Ayesha Kazmi

Activism Street: Street Protests and Anonymous

In The Political on 28/09/2011 at 15:41

This article was originally published at http://www.presstorm.com

New York City’s Zuccotti Park has been “Liberty Park” to some for a week now. The number of protestors fluctuates between 200 and 500 at any given moment. Many of them routinely head home to shower, rest, regroup and return.

So what is it about this leaderless, directionless, “revolutionary” Occupy-Wall-Street movement that appeals to the protesters’ loyalties? So far, things haven’t gone to plan, with low turnouts, unpredictable police moods, inclement weather, infighting and, worse yet, an occupation of a random privately owned park approximately 300 metres off target.

The movement has already been termed a failure by onlookers scoffing at the hippies and “hipsters” throwing Frisbees and kicking hacky sacks whilst tweeting angst-ridden anti-establishment, anti-corporate messages from their I-phones all over twitter. Many mocked the dietary requests from some protesters – who receive daily food assistance from nameless donors – with vegan sensibilities. One thing is for sure. It’s not Tahrir Square.

Onlookers who manage to cut through the clouds of marijuana smoke, however, will be pleasantly surprised to see how many of the occupiers are there out of genuine belief. While the paradox between the anti-corporate goals of Occupy-Wall-Street and the bourgeois-consumer profile of some protesters is striking, the protest can’t be dismissed out of hand.

Many at Liberty Park epitomise the face of America’s shrinking middle class. They are students who graduated with piles of debt and degrees worth next to nothing in the current job market. They are mothers and fathers who were forced to default on their mortgages. They are people who now rely on the assistance of food pantries and soup kitchens. They are testimony to ever-increasing hopelessness.

Leave aside the unrealistic ambition of occupying Wall Street. Beneath the calls for 20,000 to engage in a camp-out revolution striking at the heart of the United States’ financial markets lies a more humble and truthful mission: “More than having any specific demand, I think the purpose of September 17th is to begin a conversation, as citizens affected by this financial system in collapse, as to how we’re going to fix it, as to what we’re going to do in order to make it work for us again,” said Justin Wedes, one of the organisers, on the opening day.

If Liberty Park is off target, it is because for many engaged in Occupy-Wall-Street, activism is a new venture prompted by the economic recession. Nevertheless, the inspiration from the Arab Spring is profound. Since the Adbusters’ conceptual call to occupy Wall Street in August, the idea caught the imagination of many online; most specifically on Twitter. Ambiguous organisations, calling themselves Occupy Wall Street (OWS) and US Day of Rage (USDOR), sprung up to push the idea. While OWS and USDOR may differ slightly in their stated objectives, the fact remains that the critical conversations Wedes envisioned are now taking place.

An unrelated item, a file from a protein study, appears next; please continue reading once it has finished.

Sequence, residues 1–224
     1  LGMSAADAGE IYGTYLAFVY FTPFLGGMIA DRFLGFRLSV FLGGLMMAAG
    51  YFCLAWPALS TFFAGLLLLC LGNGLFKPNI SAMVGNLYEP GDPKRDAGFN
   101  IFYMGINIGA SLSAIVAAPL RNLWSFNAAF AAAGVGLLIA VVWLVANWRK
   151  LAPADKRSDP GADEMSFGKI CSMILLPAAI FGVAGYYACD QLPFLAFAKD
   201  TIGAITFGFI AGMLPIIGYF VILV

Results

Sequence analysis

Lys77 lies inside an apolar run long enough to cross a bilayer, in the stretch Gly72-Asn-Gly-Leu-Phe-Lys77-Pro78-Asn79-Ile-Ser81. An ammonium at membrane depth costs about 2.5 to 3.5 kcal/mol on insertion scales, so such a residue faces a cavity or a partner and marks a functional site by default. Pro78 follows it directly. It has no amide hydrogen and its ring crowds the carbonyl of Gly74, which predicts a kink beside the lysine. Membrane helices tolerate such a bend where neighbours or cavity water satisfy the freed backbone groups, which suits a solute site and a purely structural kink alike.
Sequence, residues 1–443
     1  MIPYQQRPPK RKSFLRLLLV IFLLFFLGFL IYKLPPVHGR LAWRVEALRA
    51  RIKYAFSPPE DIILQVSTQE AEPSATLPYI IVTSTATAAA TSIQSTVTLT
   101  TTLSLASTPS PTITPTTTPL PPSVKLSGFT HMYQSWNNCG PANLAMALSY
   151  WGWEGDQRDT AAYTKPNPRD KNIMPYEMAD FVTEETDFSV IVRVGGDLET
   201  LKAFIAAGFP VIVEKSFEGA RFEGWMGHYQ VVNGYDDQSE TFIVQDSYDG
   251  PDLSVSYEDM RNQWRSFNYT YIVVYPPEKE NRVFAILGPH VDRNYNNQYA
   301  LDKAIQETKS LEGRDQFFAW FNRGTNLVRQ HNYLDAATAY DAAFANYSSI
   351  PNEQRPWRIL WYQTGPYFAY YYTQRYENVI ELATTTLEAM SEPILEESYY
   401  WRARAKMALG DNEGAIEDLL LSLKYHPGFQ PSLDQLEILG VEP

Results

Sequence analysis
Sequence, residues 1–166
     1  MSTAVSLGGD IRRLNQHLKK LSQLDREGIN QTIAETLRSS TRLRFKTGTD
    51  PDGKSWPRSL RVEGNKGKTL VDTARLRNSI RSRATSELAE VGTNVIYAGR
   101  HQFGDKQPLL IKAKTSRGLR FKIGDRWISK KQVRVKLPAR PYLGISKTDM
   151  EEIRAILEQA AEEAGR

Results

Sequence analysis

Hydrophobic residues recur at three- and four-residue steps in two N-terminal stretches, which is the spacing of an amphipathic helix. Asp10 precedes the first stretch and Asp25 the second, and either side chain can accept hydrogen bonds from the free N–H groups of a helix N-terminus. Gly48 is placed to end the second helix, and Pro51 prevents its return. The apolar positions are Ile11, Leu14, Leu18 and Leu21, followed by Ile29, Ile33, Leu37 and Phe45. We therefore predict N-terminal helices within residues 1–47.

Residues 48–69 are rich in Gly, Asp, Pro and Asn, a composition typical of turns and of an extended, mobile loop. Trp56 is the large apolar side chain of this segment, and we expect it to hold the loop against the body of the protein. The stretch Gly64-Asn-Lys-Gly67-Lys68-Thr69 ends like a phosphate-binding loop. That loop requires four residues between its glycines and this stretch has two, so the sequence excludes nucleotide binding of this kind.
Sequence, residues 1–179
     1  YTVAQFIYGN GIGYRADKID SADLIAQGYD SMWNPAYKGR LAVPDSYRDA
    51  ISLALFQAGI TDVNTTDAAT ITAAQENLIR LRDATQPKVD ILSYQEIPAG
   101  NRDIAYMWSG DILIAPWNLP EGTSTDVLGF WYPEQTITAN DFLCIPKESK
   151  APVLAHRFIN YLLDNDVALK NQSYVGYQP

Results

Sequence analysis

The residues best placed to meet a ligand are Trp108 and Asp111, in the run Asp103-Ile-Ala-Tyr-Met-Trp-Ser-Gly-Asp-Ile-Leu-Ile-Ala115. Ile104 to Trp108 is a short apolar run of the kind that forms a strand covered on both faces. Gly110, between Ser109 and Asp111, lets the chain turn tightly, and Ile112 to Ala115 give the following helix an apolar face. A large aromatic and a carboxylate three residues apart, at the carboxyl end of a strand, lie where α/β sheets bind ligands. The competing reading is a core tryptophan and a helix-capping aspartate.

Then, there are the “groundfags” present at Liberty Park. “Groundfag” is a term used by hacker-activists, or “hacktivists”, Anonymous, to describe affiliated Anonymous activists on the ground engaging in street protests while providing regular updates. On the periphery of Liberty Park is a simultaneous Internet-culture jam buttressing the movement, with intellectuals and self-described traditional activists who use the Anonymous shield to “engage in acts they would normally not dare to”, according to one.

While tracing protesters such as Sonya Zink, who was detained by police for 25 hours on Tuesday for remonstrating while topless, Anonymous’ primary objective has been to set the tone for the Occupy-Wall-Street protests. When it emerged that a handful of activists were prepared to provoke police and incite riots days before Occupy-Wall-Street was to begin, Anonymous developed a Twitter application called URGE and launched an online campaign with the aim of quelling any potential violence. Anonymous used culture-jamming tactics on Twitter with messages to keep protests peaceful, using top Twitter trends from around the world.

Wednesday nights’ execution of Troy Davis has also given occupy Wall Street activists and “hacktivists” alike yet another rallying cry. Anonymous activists expressed outrage in the moments after Davis’ death was announced, linking the execution with the protests. On Thursday night, more than 1,500 new faces showed up at Liberty Park to join the most heated marches since last Saturday.

Chants of protesters proclaiming their ownership of the streets of New York City appear to be falling on deaf ears. President Barak Obama has been in New York this week to meet with the UN General Assembly on Palestinian statehood – yet there has been no acknowledgement from him about the occupy Wall Street protests blocks away nor their demands.  Critics may be correct: the occupy Wall Street protests are perhaps doomed to fizzle out given the bad weather and daily arrests.

Even if the occupation of Liberty Park dies out, they are far from ineffectual – the movement should be seen within its wider context of social movements emerging in the United States, and more importantly, worldwide. Social movements do not happen in isolation. Nor do they happen overnight.

  1. My greatest fear is that the protests might be unjustly and too swiftly silenced, or worse, sidelined by either mediatainment or corpropolitical ideologies.
    Made up words aside, I just hope that this leaderless horizontal movement can make some forward progress, or inspire others to make it, because right now their thousands of voices are being drowned about by millions more screaming for American Idol.

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